HERMITAGE – Chris Spradlin knows from experience that the ROAR Center’s doors are always open for anyone who needs help.

Spradlin spoke Saturday at the Recovery Day in Buhl Park to share his story of addiction and a message of hope.


Chris Spradlin

ROAR, Removing Obstacles to Assist Recovery, is a Sharon-based branch of the Mercer County Coalition for Drug Awareness (MCCDA). The center marked Saturday with a walk, cookout, speakers and a band for Recovery Day.

The event was a celebration for those, like Spradlin, who have experienced addiction and are successfully in recovery.

Spradlin told those who attended Saturday’s event that he has been free of heroin since Nov. 15, 2016. But that was the end of his story of addiction.

It began when he was in his 20s, suffering from psoriatic arthritis. Spradlin went to a doctor who prescribed Vicodin. Although the medication alleviated his physical pain, it exposed an unexpected dark craving.

“When I took that Vicodin for the first time, it helped with the pain, but it also made me sociable,” he said. “It made all my fear go away. Because I was afraid. I was afraid everybody was judging me.”

Spradlin started buying pills off the street. It became a $300-a-day habit. He had a good job. He was making decent money. He could afford it – at first.

He lived that way for a few years, he said. Then, there came a point where he couldn’t afford the habit anymore. He started borrowing money, and then was introduced to heroin.

His habit cost $20 a day and, Spradlin said, his soul, his job and every relationship he had.

“Everybody who was ever close to me, didn’t want to be around me,” he said. “My parents wouldn’t talk to me. I wasn’t Uncle Chris. I wasn’t allowed to be around my family.”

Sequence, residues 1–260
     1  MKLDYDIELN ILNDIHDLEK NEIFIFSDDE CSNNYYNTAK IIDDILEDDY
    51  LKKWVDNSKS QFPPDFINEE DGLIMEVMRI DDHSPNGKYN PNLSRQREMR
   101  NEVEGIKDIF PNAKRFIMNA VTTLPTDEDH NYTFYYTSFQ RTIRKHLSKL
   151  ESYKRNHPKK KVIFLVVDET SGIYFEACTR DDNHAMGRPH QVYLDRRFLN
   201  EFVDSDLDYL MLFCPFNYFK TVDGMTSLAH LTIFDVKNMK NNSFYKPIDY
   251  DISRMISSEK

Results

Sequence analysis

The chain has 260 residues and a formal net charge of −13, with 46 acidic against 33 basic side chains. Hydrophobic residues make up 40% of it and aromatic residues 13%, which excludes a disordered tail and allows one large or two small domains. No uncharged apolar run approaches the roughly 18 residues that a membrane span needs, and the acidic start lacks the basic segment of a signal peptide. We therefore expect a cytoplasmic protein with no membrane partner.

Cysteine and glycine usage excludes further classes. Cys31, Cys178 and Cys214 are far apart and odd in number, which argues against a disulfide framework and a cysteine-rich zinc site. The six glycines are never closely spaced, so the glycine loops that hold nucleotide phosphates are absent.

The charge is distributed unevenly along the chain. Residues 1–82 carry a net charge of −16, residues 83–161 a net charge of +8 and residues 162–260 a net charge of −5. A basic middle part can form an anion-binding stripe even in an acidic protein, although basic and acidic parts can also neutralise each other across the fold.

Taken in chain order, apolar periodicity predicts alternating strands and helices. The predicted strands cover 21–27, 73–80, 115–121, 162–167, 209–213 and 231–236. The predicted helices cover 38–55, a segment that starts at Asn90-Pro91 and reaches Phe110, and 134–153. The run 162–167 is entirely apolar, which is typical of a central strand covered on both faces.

Spradlin said he couldn’t attend functions without putting something in his body.

“The power that drug had over me, I honestly wanted to resort to suicide because I didn’t want to wake up another day and chase that drug or battle that demon,” Spradlin said.

At that point, he hadn’t talked to his mother for a while, but he finally reached out and admitted his addiction to her.

“I’m completely broken. I have nothing left. I’m ready. It’s either that or death,” Spradlin said.

He then came in contact with a recovery center in Youngstown, which put him through detoxification.

“For the first time in my life, I felt better,” Spradlin said. “Without drugs and without alcohol, without pills – without anything in my system I felt better.”

In recovery, Spradlin started trying to help others.

“They told me when I got involved in this, that I got to give it away to keep it,” Spradlin said. “That’s how I stay sober.”

Spradlin said he regained the life he had before. He became “Uncle Chris” again.

He got his job back that he had lost. Two years ago, he got engaged and in May he had a baby girl.

“Today I have a beautiful support group of people that care about me and want to see me succeed,” Spradlin said. “That’s how this recovery thing works. You can’t do it alone. You won’t do it alone. It’s a ‘we’ thing.”

Spradlin was grateful for the chance to tell his own story, and for the chance to promote ROAR and the MCCDA, which he credits for helping him and his family through his addiction and his recovery.

“I hold the Mercer County Drug Coalition very dear to my heart because when I was in active addiction, that’s where my mother turned,” Spradlin said. “I am absolutely forever grateful for the coalition and everything that they do for the recovery community.”

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